The first major snow storm of the season is falling and we've a couple of inches on the ground. Vision is a few feet, only double digits, and we're expecting six inches...depending upon neighbor, television, radio or computer. More than likely, one of them will be right.
The deer we saw on Cove Creek at the other end of Tazewell County. Dave's family owns land there and it's a good place to see wildlife, pick dye materials and enjoy a good view.
It's got to be winter because seed catalogues are arriving. One of my favorites is Baker Creek Heirloom Seeds, in Missouri, a rare seed catalogue. They have some wonderful seeds, both native to the USA and from around the world. I'd love to attend their Heritage Days, the first Sunday of each month, April through December; looks like it would be great fun, informative and educational as well.
A couple of years ago, I met Jere Gettle of Baker Creek, he's an impressive young man who is doing his part to change the world for the better. He's a proponent of locally grown food using sustainable methods; none of that gene-altered or mass produced food in his catalogue! He married last year and I wish he and his wife, Emilee, many productive years and happiness. I share my prayer with you...may God give you the strength to do the work He has set before you both.
Another favorite catalogue is Stark Bro's also in Missouri. Daddy has been buying from Stark Bro's for years and they have fine fruit, nut and landscaping trees. I'm eyeing the Northcountry Blueberry bushes, Arkansas Black Apple and Northstar Pie Cherry trees. The Barcelona Filbert/Hazelnuts look good as well as do the butternuts, chestnuts and pecans. Everything will produce in zone 6, where Thistle Cove Farm is located. I think a persimmon tree would do well here and the Prok American Persimmon looks good.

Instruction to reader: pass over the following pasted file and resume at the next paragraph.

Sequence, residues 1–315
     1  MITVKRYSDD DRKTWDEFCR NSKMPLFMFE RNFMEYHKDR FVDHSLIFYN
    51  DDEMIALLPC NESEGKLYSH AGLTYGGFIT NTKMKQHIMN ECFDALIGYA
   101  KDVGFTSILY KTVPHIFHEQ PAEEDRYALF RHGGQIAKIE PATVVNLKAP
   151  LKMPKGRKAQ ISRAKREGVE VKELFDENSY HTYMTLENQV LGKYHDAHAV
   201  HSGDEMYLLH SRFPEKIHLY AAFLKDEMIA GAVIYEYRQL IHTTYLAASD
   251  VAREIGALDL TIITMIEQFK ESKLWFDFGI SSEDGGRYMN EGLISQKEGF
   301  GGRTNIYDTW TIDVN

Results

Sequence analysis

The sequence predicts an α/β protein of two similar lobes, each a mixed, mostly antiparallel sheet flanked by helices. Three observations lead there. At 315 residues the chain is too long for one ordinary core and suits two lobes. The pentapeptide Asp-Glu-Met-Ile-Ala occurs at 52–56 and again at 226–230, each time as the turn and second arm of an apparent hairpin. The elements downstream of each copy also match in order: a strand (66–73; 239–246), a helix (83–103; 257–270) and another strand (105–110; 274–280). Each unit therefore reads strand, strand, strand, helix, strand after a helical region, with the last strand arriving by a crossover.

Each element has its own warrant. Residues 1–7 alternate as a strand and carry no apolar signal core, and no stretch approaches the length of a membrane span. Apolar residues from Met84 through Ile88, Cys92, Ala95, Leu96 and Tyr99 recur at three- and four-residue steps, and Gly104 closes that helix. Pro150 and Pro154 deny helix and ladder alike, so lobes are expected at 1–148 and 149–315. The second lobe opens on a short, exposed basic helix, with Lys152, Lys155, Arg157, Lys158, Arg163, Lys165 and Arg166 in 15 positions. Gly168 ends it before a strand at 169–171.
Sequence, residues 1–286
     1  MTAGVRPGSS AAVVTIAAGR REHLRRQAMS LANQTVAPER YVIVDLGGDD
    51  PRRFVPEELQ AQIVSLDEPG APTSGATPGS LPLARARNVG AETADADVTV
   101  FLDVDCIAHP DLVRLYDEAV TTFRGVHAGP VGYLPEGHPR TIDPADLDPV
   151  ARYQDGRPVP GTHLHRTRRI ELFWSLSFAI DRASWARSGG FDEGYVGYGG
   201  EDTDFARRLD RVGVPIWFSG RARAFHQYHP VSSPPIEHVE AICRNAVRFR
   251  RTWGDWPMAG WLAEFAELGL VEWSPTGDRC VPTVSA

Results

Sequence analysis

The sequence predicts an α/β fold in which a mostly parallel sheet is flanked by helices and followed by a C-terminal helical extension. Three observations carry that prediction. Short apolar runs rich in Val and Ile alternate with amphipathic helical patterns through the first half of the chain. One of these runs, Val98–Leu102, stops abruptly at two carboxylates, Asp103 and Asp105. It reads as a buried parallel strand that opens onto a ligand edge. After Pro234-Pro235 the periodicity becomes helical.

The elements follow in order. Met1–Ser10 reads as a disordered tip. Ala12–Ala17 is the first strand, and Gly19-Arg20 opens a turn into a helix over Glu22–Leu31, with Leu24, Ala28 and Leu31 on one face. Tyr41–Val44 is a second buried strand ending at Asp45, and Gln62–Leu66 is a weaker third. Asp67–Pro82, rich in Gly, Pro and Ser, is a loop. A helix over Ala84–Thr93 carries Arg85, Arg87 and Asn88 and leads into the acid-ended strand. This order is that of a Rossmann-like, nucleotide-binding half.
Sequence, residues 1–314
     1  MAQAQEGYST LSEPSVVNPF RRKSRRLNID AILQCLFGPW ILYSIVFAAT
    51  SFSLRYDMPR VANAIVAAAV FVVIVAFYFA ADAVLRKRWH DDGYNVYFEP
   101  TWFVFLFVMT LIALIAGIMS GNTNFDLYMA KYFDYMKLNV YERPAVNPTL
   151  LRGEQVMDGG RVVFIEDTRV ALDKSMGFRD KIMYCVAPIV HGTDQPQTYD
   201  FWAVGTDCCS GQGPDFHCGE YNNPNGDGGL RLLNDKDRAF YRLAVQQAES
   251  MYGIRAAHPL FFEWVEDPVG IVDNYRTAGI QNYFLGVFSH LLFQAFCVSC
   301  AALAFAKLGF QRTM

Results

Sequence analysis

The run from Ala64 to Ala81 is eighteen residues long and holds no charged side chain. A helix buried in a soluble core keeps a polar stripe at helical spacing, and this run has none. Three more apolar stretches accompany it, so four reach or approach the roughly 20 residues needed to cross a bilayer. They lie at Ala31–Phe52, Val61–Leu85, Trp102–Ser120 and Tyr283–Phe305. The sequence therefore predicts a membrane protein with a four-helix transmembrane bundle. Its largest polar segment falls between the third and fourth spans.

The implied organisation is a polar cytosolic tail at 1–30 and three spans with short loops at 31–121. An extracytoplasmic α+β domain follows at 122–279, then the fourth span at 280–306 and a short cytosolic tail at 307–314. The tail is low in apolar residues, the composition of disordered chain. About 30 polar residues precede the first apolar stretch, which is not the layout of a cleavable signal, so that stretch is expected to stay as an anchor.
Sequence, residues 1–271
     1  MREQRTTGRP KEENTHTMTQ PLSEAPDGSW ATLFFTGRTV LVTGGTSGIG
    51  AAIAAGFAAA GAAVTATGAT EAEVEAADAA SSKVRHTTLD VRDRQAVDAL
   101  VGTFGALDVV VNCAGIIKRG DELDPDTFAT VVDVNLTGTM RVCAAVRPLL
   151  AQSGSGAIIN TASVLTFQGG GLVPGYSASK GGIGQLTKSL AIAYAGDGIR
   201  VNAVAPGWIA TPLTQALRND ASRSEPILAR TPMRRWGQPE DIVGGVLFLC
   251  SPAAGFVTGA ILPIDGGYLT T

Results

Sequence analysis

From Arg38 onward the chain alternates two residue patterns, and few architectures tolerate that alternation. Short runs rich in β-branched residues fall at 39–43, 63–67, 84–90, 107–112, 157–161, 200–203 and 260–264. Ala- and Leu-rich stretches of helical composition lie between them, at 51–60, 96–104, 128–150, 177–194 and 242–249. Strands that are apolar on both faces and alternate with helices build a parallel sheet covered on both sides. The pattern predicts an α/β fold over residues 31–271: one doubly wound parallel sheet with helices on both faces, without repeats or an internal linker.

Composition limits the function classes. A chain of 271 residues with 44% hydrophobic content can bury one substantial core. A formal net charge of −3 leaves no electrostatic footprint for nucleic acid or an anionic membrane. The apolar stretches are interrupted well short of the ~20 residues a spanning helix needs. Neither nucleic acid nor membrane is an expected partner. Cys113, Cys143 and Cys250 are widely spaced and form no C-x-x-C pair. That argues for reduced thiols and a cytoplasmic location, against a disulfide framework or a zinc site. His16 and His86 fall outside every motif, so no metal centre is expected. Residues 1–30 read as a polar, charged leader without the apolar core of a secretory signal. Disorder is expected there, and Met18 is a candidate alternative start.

Bountiful Gardens, out of California, has heirloom, untreated, open-pollinated seeds. They say radiation in the harvest is reduced by 30% when biointensive composting and double-digging methods are used. Their catalogue isn't as flashy as the other two but, still, some good and useful information.
All the sheep and horses have been fed for the night; everyone has shelter from the storm. It's best not to brush the snow from the backs of the animals, snow acts as an insulator to keep them warm. Winds shouldn't be heavy tonight, just 10 to 20 mph, everyone should be fine. Barn cats have wooly fleeces to sleep upon and they curl up together so no troubles there.
There are three loaves of bread rising in the oven and we'll have creamed chipped beef over home made bread for supper. I make the bread what I've got...today I used wheat, rice, white and bran flour with all sorts of seeds, nuts and grains added. It's a wonderful, dense, chewy bread and popular with friends and neighbors. When used for fried bread and topped with butter and fruit, honey, jelly or maple syrup it makes a fine breakfast.
Stay warm and safe; may God give you the strength to do the work He has set before you.